|I think you have created a very interesting character here in Jessica, and I think this story should definitely go on to the finish. I like the way you do not hurry things.
I will be featuring this story in my Mystery Newsletter for the week of December 24th; some Christmas feast, huh? I am giving it my monthly prize to encourage you to finish it.
I have many reservations about the writing. The chief one is the number of run-on sentences or places where phrases need a semi-colon to separate them, not commas. For example: The stride had a heavy tread that made it sound pissed, my lips curled into a definite smirk, my night had just gotten better.
Three separate thoughts, connected albeit, but they should either take two semi-colons or be made into three short sentences. I would lean toward the latter because it adds a certainly leanness to this graphically brutal story.
There are a number of other places this occurs: the sentence that begins "There was something about Lucinda Alverez that irked me" is one, and in that sentence, check the spelling of was and think about eliminating the word 'just' It is not needed; it is an oral word used when speaking more than one used to write.
Blowing out a stream of smoke as I leaned against a battered light post, contemplating my scuffed work boots. Now this isn't a sentence; make it I contemplated my scuffed work boots.
"I fight the urge to cover my sensitive ears" has tense disagreement; the story is told past tense.
"I noticed that several officers where getting reacquainted the their dinners, and quite a few more were looking extremely pale. where s/b were and there is an extra 'the'
Several places the plural pronoun is used in conjunction with a singular subject. Did the killer bring extra blood with them? I know you are trying to avoid choosing the gender of the killer, and perhaps there is no better way to do it, but some might object.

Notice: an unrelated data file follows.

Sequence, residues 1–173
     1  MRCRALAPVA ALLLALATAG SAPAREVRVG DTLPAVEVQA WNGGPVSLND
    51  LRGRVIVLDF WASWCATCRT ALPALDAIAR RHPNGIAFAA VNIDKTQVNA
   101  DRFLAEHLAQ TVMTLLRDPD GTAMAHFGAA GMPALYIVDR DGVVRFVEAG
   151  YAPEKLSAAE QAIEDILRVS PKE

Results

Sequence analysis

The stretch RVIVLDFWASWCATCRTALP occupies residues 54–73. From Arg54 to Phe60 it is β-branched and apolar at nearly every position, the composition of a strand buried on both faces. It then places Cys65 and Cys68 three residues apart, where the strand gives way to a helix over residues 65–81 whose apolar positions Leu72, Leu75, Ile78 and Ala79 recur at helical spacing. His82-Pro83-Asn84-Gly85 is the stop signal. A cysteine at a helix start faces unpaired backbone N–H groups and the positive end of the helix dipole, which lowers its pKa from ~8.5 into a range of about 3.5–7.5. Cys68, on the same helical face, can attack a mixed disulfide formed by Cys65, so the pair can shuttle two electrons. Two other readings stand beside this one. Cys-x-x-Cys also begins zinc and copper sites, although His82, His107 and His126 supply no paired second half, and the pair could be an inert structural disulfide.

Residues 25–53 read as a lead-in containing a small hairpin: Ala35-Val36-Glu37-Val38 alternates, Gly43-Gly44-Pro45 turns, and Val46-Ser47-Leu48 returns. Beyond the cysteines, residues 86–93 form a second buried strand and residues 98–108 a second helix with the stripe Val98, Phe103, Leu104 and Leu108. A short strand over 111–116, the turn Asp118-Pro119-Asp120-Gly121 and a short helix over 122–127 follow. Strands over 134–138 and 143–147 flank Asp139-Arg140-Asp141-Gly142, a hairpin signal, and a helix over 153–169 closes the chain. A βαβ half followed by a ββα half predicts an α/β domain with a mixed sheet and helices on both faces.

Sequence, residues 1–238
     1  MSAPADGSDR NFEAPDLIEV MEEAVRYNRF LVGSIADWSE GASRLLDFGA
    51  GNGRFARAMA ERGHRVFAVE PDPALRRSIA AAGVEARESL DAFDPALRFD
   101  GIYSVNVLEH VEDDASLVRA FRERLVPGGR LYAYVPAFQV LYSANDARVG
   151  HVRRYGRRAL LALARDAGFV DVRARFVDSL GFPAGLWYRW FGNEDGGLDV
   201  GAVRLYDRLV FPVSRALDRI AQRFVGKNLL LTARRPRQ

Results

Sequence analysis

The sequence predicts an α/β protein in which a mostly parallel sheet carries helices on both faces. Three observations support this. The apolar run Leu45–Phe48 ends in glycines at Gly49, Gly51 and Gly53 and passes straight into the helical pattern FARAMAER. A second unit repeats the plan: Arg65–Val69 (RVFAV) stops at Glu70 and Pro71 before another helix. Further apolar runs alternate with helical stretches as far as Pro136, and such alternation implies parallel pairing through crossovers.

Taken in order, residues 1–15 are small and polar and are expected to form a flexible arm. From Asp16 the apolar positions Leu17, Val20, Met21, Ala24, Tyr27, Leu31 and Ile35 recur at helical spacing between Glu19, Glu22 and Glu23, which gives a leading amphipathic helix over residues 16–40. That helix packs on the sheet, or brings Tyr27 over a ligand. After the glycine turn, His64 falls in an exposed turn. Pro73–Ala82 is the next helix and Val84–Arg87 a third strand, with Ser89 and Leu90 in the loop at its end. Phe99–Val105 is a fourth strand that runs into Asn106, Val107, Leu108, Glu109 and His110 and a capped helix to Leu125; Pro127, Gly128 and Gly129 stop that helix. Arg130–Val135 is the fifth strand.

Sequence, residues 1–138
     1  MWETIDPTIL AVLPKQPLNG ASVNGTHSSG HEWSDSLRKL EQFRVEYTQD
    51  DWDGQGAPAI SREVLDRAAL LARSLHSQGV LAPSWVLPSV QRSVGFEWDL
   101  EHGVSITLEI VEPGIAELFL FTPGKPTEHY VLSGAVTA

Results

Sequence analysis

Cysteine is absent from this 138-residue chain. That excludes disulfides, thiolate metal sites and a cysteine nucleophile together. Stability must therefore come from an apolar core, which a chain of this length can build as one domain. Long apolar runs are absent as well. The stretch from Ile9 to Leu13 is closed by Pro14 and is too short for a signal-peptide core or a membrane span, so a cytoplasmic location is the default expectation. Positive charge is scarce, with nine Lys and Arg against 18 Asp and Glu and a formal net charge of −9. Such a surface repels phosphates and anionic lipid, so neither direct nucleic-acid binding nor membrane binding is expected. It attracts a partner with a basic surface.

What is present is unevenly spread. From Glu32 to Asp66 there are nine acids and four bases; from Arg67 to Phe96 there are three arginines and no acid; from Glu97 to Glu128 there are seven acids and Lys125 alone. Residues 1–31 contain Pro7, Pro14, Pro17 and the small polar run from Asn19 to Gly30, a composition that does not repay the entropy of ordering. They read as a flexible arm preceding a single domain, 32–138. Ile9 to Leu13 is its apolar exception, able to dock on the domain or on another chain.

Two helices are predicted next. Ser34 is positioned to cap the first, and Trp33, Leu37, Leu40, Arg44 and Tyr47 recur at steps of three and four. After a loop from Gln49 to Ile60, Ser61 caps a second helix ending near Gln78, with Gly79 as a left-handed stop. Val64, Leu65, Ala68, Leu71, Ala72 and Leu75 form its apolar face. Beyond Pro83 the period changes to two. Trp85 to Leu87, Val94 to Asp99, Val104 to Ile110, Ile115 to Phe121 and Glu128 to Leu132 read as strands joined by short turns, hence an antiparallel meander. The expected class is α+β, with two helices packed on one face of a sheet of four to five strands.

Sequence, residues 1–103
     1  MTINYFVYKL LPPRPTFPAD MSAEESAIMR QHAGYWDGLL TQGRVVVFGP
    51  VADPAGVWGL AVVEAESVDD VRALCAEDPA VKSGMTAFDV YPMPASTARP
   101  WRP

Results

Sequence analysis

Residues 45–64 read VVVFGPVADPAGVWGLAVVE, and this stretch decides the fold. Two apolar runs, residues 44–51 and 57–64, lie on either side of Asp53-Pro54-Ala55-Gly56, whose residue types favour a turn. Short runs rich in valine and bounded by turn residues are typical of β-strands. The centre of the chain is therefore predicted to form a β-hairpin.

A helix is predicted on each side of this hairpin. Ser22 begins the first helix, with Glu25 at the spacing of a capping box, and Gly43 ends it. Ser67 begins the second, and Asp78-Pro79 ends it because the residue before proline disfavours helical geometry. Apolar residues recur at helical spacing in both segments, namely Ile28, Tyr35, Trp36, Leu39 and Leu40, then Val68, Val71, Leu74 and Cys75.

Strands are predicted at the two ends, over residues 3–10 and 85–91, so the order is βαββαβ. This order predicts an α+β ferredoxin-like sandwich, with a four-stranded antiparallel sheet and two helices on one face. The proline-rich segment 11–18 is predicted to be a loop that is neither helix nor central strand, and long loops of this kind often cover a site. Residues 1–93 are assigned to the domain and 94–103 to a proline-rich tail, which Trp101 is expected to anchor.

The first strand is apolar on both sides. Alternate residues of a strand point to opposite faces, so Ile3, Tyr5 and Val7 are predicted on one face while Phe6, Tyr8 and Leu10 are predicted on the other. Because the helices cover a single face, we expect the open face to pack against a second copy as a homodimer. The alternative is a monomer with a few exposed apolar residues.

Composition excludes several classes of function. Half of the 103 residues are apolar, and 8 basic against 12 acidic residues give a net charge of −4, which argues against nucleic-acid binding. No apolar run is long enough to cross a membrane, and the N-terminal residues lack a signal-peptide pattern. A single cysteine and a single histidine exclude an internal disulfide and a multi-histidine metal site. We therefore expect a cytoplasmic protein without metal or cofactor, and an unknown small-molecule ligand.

There was a hint of rain, not unusual in Seattle, but the smell of forest and something primal was. The second part of this sentence is very awkward because the comparison is to the qualifier in the first thought. Maybe The hint of the odor of rain was not unusual in Seattle, but the smell of forest, and something primal, was.
Victor Freemont in one place, Freeman in another.
I let my hands shift slightly; elongating the fingers and nails, unfortunately that also required several other changes, like a fine layer of silky black hair covering them up to my elbows and paw pads appearing on my palms. Neither of which bothered me but I would have to shift them back before my hands left the drawer, things like that had a tendency to make people nervous. This is a perfect example of what I said earlier. 'shift slightly [comma, not semi-colon, elongating is a modifying phrase, not a separate thought] slightly, elongating the fingers and nails. Unfortunately that also required several other changes. A fine layer of silky black hair began to cover my arms up to my elbows; paw pads appeared on my palms. I was used to this, but I would have to transform myself back before taking my hands out of the drawer. People tend to get nervous when seeing my wolven signs.
As I said earlier, do go on with the story; you have something here. david